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A traumatic injury or a big cavity can leave a child’s tooth without enough structure to support a filling. When that’s the case, a dental crown might be the best option for protecting and restoring the tooth.

small cute girl taking picture
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Dental Crowns to the Rescue!

When a filling won’t do the trick after an injury, pulpotomy (baby tooth root canal) or large cavity, a dental crown may be needed to save and protect what’s left of a tooth. The crown covers the entire tooth to the gum line, restoring its natural size and shape. We can use dental crowns for a lasting solution on permanent teeth or as a way to preserve baby teeth until it’s time for them to fall out.

benefits of
Dental Crowns

smiling kid crown
Restores strength and function

A dental crown makes a damaged tooth stronger and restores it to its original shape and size, so kids can chew and speak properly.

Protects the tooth

Because a crown covers the whole tooth above the gum line, it can prevent breakage and reduce the risk of future cavities.

Lasts for a really long time

Dr. Parker uses modern techniques and materials to create durable crowns that will last for years to come.

dental crown smiling kid

Is a crown really necessary for a baby tooth?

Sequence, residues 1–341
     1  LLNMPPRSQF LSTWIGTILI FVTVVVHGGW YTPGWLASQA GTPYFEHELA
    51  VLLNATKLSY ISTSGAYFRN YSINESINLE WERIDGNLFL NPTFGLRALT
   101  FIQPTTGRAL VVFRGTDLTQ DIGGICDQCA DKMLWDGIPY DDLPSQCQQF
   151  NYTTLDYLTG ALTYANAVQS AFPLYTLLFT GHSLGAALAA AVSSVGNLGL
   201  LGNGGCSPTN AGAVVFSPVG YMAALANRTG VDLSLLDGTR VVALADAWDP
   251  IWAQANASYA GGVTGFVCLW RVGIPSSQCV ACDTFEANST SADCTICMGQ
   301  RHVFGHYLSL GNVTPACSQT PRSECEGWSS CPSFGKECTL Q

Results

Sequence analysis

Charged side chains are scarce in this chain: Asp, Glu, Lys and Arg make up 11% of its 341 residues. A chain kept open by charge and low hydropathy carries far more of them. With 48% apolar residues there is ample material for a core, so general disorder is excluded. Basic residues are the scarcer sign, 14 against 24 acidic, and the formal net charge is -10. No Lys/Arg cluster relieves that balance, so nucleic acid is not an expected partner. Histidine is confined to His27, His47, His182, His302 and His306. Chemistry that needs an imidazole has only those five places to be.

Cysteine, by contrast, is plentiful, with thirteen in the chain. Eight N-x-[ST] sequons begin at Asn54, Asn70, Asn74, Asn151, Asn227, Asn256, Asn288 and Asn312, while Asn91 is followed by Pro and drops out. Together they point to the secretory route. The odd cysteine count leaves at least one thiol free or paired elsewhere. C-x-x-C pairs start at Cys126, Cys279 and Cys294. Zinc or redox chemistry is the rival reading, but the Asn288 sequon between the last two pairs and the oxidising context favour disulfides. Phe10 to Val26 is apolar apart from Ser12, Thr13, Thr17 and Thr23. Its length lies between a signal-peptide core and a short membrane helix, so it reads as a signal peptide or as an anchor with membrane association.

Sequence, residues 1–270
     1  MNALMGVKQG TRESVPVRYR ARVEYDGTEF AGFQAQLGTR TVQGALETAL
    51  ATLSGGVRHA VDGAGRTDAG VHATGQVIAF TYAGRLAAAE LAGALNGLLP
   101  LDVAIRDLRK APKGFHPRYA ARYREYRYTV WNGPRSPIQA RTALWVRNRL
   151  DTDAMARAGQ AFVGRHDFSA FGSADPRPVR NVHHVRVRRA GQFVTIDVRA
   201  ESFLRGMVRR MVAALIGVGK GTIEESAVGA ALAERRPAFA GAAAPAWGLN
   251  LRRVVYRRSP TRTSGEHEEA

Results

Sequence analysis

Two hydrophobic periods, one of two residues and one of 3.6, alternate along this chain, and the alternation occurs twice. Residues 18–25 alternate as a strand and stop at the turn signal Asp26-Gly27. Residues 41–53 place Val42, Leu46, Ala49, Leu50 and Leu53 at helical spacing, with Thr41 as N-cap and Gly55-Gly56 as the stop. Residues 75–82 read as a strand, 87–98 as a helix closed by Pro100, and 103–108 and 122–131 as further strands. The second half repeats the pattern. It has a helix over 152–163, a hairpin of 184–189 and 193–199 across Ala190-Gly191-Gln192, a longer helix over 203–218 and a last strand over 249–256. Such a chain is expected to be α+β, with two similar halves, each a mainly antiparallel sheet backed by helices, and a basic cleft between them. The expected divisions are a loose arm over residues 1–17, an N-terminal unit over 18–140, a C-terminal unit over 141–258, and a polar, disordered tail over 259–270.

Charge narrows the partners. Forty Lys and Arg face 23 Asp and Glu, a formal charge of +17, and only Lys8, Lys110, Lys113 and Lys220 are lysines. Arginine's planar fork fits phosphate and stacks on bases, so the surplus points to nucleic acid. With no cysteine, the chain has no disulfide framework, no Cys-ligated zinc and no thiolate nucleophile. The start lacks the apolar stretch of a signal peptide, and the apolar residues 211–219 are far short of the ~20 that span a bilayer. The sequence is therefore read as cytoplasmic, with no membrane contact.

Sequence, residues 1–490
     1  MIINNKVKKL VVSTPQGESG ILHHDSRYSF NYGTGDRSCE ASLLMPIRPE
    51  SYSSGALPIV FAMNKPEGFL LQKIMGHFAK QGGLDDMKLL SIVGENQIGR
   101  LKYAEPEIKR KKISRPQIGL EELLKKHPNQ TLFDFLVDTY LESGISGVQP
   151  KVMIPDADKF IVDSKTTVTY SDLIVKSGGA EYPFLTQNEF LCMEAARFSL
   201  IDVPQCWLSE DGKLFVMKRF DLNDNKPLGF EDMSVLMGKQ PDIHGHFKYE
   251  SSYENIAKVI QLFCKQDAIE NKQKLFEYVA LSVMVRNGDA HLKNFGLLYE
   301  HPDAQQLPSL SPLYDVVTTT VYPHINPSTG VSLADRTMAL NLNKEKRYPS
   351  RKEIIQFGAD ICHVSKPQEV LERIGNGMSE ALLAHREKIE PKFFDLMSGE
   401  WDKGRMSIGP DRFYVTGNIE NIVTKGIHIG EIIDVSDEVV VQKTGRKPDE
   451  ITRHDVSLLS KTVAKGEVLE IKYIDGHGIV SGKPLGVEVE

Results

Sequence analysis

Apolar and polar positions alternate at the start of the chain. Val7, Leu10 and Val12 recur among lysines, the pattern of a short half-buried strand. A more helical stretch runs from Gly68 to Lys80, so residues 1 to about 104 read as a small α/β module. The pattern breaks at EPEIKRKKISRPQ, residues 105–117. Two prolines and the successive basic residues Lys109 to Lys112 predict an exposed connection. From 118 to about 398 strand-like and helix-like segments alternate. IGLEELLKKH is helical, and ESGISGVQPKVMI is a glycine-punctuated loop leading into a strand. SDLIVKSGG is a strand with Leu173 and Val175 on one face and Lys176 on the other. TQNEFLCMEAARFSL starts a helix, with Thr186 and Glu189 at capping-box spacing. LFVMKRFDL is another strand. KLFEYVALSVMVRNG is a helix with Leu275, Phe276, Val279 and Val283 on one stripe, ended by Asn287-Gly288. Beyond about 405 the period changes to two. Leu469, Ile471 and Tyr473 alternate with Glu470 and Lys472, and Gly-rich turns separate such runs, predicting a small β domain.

In some cases, yes! While, of course, the baby teeth will fall out eventually, while they’re in place, they play a number of important roles, including saving space for the permanent teeth to erupt, guiding facial development, and helping kids chew and speak properly.

When a baby tooth that’s years away from falling out naturally is severely damaged or decayed, Dr. Parker could recommend restoring it with a pediatric dental crown. This will let your child chew their food and help maintain ideal spacing in their mouth, so their smile can continue to develop as it should.

What to expect when your child gets a dental crown

We offer several different types of dental crowns for kids, including stainless steel crowns, tooth-colored zirconia crowns and all-resin crowns. The type we recommend will depend on a number of factors, such as the location of the tooth, your child’s age and your budget.

Before starting the procedure, Dr. Parker will use kid-friendly language and techniques to explain what will happen and put your child at ease. Once your child is relaxed, we’ll let them choose a show to watch on the ceiling-mounted TV. Dr. Parker will then carefully numb the area, remove any decay and shape the remaining tooth to fit under the crown.

Because pediatric dental crowns are often pre-fabricated, she may be able to place the permanent crown right after preparing the tooth. Otherwise, she’ll protect your child’s tooth with a temporary crown, while their permanent one is being made. In either case, the final crown will be cemented to your child’s tooth and adjusted for optimal function and fit.

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We recommend that kids have a dental cleaning once every six months.


Stainless steel crowns were first used in pediatric dentistry in the late 1940s.


Getting a dental crown usually takes one to two office visits.